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Clinical academic training scheme to re-launch next year

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Nurses who want to develop their research skills while maintaining clinical practice are being invited to apply for a new training scheme that is due to be launched next year.

The Pre-doctoral Clinical Academic Fellowship scheme is aimed at nurses and other non-medical professionals who want to lead research projects in the future.

“I feel certain that it will provide the pre-doctoral level support that clinicians need to develop into the clinical academic leader”

 Nicki Latham

The two-year programme, which is being jointly run by Health Education England and the National Institute for Health Research, will see participants spend half of their time receiving clinical academic training and the other half continuing with their clinical post, which must be at a publicly-funded organisation.

Following completion of the fellowship, those who took part are expected to be able to apply for a PhD. The scheme will fund up to half of the clinician’s salary, as well as £5,000 towards master’s level training, £1,000 for mentorship costs and £1,000 towards other expenses.

It will replace the Integrated Clinical Academic Masters Studentship, formerly run by HEE and the NIHR, after a review revealed only a small proportion of participants had gone on to undertake a PhD.

Under the new fellowship, participants will develop research skills as well as being supported to make a doctoral-level application.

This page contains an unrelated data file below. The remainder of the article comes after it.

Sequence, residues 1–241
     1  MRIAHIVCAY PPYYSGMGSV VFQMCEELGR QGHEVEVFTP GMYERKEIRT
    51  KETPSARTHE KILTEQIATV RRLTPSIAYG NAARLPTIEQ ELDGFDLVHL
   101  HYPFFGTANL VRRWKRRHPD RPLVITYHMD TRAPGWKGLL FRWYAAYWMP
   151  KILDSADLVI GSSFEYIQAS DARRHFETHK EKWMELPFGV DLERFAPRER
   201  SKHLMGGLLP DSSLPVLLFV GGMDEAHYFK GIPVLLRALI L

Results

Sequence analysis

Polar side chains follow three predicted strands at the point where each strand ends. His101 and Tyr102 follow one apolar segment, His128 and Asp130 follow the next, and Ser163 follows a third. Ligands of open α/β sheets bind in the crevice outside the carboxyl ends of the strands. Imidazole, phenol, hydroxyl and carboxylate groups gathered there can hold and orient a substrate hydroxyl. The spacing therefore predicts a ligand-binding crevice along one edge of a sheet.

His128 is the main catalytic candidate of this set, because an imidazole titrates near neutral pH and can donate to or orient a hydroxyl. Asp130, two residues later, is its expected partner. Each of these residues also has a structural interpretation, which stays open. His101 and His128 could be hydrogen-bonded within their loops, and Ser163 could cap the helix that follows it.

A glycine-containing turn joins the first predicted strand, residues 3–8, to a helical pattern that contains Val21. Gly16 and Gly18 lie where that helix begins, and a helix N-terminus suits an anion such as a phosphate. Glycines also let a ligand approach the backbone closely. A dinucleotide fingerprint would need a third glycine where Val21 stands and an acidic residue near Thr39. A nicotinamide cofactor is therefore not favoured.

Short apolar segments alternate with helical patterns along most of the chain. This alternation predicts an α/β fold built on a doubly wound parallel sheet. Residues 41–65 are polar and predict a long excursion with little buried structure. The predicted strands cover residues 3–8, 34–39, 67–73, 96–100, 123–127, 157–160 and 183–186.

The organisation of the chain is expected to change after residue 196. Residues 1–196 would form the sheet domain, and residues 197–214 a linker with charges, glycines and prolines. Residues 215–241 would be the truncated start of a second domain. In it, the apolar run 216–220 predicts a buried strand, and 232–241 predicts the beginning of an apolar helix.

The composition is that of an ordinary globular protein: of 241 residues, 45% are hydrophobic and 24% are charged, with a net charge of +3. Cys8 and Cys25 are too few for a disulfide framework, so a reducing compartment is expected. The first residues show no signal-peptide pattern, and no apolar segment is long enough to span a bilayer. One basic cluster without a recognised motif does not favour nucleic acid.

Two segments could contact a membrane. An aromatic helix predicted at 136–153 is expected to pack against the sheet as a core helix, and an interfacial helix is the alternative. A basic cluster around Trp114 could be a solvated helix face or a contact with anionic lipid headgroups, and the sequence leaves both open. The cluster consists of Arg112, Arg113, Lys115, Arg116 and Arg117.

A total of 100 non-medical professionals at 10 universities were funded under the old scheme in the current year of the programme.

Health Education England

Nicki Latham

Nicki Latham

HEE said it could not confirm how many people would take part next year, as it depended on the salaries of those applying. It said there were not a specific number of places reserved for nurses but that it hoped to fund staff from a broad range of professional backgrounds.

The scheme is expected to open for applications from February until April 2018, with clinicians beginning training from September onwards.

Professor Nicki Latham, HEE’s executive director of performance and development, said: “I am really excited about the launch of this new scheme: I feel certain that it will provide the pre-doctoral level support that clinicians need to develop into the clinical academic leaders of the future, building on the excellent work of those involved in the earlier MRes scheme.”

Professor Dave Jones, dean for NIHR Trainees, added: “One of our successes at NIHR has been our ability to adapt and evolve our awards to meet the future needs of our trainees.

“The new PCAF scheme is a great example of this, providing non-medical clinical academics with the academic skills they need to progress their careers whilst also supporting them with a future PhD fellowship application,” he said. ”I look forward to its launch in the new year.”

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